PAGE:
A very impressive kitchen garden it is too. Chef John Bakker, who, until recently, had been Executive Chef on Gili for five years, worked with a dedicated team of two to double the size of the previous garden. Over the years, they worked out what grows well in the Maldivian climate and revamped the garden to only grow ingredients that flourish. The end result is a rich veggie patch that would make many green-fingered gardener very jealous.
The wine list is impressive and chosen by Gili’s resident sommelier team. Fabrice Velasquez, the head sommelier has a real passion for his art and tells me excitedly about wines that are extremely difficult to come by, and to get to the island. But he does it. I try the wines by the glass so that I’m able to taste as many as possible. Well, that’s what I tell myself.
Every night, there is a different dining option to discover. The first night I try Japanese – one of my favourite cuisines – matched with different sakes. The next night I enjoy a ‘Gili Tasting Journey’, which is a culinary adventure through the island, led by Fabrice. Five dishes are served in five different spots around the island. Each course is matched with a specially chosen beverage, which accentuates the flavours of the dish.
There is a Spice Souk Dinner one night and a Mediterranean Extravaganza another night. The dishes are all prepared by an international in-house team of around 50 people. And following their sustainable ethos, they try very hard to not make more than is required, keeping food waste to a minimum.
But you need to be careful not to go too overboard at dinner because the breakfasts are positively sumptuous.
The bread, pastries, jams and juices are made fresh on the island every day. There is a cooked menu to choose from offering eggs cooked your way, omelettes and Maldivian traditional dishes. A classic Maldivian breakfast is tuna mixed with onion and capsicums which is then wrapped in a roti smeared with a spicy fish paste. It is completely addictive.
The piece de résistance at breakfast, though, is the cheese vault. Hidden in the underground cellar, there’s a cheese room with an impressive international variety. And, wait for it, a chocolate room. Can this place do no wrong? Yes, they hand make their own chocolates on the island too. The very idea of leaving this place is ridiculous really. How can I ever face avocado on toast ever again? And if you haven’t had your fill the night before, there is chilled champagne to help wash down your morning smoked salmon and caviar.
The Sustainable Side of Gili Lankanfushi
There are few places in the world I have visited that are as impressive as Gili Lankanfushi in terms of their environmental practices. Constantly mindful of the impact of their presence and that of their guests, Gili Lankanfushi makes sustainability their USP (Unique Selling Point). As an Earthcheck Silver member, Gili Lankanfushi is dedicated to regularly reviewing their practices and ensure certain standards are maintained to achieve this prestigious certification.
The overwater villas are made from sustainably-grown wood sourced in New Zealand. They don’t use varnish, but let the wood weather naturally. Any repairs are done using offcuts or recycled wood from a stockpile the resident woodworkers have gathered.
Handcrafted bamboo bikes are the main mode of transport on the island, with each villa allocated their own set of wheels. Electric-powered buggies are used for big jobs or ferrying guests and their luggage to and from the jetty.
All food and organic waste is composted onsite in a Rocket Composter and either used on the kitchen garden or around the shrubs and trees on the island.
There is an electric crushing machine onsite – the crushed glass is turned into sand or gravel-sized pieces which can then be used as building materials on the island.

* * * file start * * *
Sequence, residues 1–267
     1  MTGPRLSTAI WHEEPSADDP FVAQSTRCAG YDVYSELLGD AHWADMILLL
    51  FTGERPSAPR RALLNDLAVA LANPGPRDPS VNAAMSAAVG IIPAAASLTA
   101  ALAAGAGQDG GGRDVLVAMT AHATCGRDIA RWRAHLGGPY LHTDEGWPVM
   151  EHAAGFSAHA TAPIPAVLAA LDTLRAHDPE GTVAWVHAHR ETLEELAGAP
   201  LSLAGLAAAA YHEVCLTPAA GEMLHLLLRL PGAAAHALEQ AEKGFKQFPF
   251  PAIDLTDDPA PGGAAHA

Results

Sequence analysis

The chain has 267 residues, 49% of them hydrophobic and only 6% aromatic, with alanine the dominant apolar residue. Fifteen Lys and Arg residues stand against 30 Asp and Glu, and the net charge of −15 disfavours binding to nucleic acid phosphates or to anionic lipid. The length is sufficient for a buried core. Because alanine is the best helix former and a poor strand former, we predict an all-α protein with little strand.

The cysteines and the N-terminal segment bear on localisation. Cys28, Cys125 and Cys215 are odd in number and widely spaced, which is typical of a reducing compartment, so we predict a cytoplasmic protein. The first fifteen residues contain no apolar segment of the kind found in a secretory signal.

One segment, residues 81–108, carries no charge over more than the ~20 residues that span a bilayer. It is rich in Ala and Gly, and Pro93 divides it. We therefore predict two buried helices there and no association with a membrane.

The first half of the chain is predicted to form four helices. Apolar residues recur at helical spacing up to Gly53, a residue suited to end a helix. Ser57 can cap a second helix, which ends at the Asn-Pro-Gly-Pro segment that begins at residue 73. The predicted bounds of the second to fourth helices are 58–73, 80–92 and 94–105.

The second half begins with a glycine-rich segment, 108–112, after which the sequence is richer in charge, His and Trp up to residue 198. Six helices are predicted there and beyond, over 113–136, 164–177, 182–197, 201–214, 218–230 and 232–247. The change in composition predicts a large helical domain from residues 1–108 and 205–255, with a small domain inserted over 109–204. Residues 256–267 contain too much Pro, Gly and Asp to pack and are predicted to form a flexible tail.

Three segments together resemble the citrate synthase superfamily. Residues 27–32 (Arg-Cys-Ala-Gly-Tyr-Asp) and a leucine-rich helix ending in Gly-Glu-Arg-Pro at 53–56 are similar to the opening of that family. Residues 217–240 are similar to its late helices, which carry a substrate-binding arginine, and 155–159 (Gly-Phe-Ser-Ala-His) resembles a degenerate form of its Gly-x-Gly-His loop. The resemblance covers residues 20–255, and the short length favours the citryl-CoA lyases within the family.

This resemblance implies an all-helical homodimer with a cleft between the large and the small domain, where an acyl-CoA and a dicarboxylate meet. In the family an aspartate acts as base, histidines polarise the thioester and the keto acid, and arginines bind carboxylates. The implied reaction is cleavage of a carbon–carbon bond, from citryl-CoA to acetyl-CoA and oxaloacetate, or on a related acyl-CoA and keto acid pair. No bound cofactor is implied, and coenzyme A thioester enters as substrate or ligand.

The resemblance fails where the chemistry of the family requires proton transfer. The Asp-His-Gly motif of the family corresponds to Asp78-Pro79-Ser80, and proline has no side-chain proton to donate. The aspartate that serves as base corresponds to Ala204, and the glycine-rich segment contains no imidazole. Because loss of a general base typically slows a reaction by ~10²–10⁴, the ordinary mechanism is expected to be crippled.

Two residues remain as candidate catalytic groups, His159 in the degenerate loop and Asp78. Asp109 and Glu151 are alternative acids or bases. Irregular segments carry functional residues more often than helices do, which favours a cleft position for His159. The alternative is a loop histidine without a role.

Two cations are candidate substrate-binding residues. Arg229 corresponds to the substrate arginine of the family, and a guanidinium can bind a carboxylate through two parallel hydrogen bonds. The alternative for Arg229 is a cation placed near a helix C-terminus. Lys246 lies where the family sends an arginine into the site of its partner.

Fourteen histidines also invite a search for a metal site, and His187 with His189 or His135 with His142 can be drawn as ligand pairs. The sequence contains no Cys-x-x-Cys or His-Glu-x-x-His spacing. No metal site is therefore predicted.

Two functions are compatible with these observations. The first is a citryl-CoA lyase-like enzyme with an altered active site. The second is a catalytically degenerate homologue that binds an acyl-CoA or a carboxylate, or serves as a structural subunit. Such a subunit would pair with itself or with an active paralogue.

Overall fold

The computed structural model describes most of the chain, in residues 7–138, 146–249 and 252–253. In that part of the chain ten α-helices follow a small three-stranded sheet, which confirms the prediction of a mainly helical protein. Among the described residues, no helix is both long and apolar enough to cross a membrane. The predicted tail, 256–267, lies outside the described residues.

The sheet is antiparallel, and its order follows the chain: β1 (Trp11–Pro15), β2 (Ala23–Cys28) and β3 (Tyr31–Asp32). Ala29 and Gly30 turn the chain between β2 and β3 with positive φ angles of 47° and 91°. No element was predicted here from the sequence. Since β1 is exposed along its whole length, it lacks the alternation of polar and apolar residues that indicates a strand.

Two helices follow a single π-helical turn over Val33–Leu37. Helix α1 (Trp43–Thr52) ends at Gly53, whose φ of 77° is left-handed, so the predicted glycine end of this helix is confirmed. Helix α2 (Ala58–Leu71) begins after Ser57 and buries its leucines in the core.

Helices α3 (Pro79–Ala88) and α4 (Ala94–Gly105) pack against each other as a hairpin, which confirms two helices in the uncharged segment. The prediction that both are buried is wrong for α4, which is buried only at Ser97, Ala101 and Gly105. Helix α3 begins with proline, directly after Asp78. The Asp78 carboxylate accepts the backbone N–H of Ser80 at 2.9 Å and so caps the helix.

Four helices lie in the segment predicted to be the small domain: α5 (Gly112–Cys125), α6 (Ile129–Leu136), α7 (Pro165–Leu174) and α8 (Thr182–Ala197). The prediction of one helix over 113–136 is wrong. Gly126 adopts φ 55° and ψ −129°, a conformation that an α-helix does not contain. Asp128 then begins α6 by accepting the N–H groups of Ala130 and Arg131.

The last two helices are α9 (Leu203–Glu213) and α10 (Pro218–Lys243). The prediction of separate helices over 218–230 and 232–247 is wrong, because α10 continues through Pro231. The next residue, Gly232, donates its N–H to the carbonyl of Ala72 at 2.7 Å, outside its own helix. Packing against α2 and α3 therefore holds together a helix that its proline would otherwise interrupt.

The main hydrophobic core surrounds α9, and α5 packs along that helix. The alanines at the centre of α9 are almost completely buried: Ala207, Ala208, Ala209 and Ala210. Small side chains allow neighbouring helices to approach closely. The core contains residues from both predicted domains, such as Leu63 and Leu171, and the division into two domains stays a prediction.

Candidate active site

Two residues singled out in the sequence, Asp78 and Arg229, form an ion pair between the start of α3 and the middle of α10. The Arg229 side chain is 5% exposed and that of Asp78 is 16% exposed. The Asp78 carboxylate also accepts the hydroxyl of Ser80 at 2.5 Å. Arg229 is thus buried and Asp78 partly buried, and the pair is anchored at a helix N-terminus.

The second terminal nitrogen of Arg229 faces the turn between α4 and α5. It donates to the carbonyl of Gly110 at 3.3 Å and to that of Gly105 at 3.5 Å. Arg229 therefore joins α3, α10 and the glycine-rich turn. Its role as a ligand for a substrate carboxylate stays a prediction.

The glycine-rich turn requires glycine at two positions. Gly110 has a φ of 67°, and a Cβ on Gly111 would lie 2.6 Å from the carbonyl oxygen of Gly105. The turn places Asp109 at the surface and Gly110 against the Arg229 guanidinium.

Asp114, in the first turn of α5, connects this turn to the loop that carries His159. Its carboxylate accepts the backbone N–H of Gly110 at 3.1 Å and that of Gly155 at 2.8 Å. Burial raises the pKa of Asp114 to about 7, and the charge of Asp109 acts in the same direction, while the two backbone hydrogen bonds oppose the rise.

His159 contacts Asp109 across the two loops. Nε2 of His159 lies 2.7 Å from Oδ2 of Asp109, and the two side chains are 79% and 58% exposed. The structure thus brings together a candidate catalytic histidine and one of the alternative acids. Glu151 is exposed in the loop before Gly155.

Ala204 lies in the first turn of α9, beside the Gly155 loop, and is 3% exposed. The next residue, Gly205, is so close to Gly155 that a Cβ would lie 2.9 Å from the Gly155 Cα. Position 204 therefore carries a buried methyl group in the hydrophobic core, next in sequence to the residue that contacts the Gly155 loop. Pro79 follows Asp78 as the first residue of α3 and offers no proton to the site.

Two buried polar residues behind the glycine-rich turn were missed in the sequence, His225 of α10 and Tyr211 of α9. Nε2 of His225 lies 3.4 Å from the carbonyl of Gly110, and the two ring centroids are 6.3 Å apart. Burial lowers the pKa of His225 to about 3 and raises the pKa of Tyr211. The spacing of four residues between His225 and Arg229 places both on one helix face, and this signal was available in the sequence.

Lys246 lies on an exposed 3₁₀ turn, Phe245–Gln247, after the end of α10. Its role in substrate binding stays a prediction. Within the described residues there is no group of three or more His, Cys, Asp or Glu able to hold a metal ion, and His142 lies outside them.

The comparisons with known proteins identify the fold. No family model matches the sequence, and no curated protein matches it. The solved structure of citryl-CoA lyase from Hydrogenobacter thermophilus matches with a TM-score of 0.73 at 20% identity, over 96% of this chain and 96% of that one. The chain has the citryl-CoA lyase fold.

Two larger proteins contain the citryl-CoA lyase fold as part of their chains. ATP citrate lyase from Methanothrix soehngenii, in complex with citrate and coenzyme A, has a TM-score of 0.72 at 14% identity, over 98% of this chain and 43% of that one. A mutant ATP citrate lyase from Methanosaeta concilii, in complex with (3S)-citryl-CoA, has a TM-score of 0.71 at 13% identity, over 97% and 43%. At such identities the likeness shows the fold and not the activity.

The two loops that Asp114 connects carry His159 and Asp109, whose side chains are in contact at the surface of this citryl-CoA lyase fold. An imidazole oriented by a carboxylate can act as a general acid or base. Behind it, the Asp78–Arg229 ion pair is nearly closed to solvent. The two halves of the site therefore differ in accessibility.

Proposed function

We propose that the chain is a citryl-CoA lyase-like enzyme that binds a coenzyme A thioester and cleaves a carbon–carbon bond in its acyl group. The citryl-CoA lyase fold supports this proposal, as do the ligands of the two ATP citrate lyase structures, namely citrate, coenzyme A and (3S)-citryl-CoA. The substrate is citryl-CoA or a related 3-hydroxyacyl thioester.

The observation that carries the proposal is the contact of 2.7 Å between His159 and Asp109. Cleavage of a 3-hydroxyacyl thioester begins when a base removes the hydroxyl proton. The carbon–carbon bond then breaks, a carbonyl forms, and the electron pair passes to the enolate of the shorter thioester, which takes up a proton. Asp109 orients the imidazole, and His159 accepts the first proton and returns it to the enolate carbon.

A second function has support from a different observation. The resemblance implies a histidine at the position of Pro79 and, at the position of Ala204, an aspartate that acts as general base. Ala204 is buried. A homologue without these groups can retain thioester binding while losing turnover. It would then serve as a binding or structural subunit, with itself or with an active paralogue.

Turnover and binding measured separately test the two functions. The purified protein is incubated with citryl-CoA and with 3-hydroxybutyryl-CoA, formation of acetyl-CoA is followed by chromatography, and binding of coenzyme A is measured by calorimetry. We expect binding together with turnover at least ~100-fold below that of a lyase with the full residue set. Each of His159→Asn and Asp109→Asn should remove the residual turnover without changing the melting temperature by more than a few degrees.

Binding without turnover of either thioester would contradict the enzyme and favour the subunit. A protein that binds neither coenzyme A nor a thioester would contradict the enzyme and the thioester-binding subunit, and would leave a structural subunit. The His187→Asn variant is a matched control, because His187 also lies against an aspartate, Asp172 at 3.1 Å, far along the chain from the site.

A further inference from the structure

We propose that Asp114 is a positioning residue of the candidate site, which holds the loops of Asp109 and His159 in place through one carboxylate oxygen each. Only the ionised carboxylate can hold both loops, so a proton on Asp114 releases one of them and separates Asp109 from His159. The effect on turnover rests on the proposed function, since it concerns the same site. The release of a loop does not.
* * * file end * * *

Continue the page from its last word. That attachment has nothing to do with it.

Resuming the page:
An onsite desalination system means the island can produce its own bottled water – both still and sparkling! Sea water from a borehole is piped through a desalination tank and then bottled in reusable glass bottles.
Plastic bottles are banned. The only ones you’ll see are those washed up on the beach. The waste team sweep the beach regularly and recycle anything they find. Very little waste goes to landfill.
A dedicated environmental team brainstorms regularly to ensure the island is always improving on what they do already. There are regular staff trainings to ensure all staff understands what they’re doing, environmentally, and why. The team also visits neighbouring islands and schools to carry out outreach work, explaining to the children how their actions can affect the environment and what they can do to help shape it.
My Gili Story
Everyone who visits Gili Lankanfushi has a different story to tell. Before I landed on the island, I was sure the resort’s sustainable options would be front and centre of my story, and of course they have played a leading role.
But for me, my story is about being able to slip off the edge of the deck and swim with sharks on a whim. To take a leisurely snorkel along the drop off at One Palm Island and be followed by a green turtle. To chat for hours with Clare Baranowski, quizzing her about all things marine biology and the environment. To spend an afternoon wandering the island with my camera just before sunset, capturing moments that I’ll remember forever.
To have time to just be me. On an island. In the Indian Ocean.
I flew from Melbourne to Male with Singapore Airlines. Qantas also fly to Male. From Velana International Airport (Male), you are met by Gili Lankanfushi staff and taken by speedboat to the island. The journey is 25 minutes.
There are 45 overwater villas on Gili Lankanfushi. I stayed in a Villa Suite. The price for four nights in a Villa Suite for two people is $5,892 USD. This is on a ‘Pay for 3 nights, Stay for 4’ basis and includes breakfast. It currently costs $1,675.52 to add lunch and dinner for two people. From 8 January 2018, you can book the Gili Gourmet Experience, which requires a minimum stay of 4 nights. This Gili Wine & Dine experience includes a daily Prosecco breakfast and Gourmet Dinner for two; the Gili Tasting Journey, a private lobster barbecue at Palm Beach including a bottle of Champagne or wine; a sunset cocktail at Castaway and a gourmet wine dinner at the Underground Wine Cellar. Price varies according to dates booked. Please see Gili Lankanfushi’s website for more details.
Disclosure: I stayed as a guest at Gili Lankanfushi, Maldives.
All images © Linda McCormick/EcoTraveller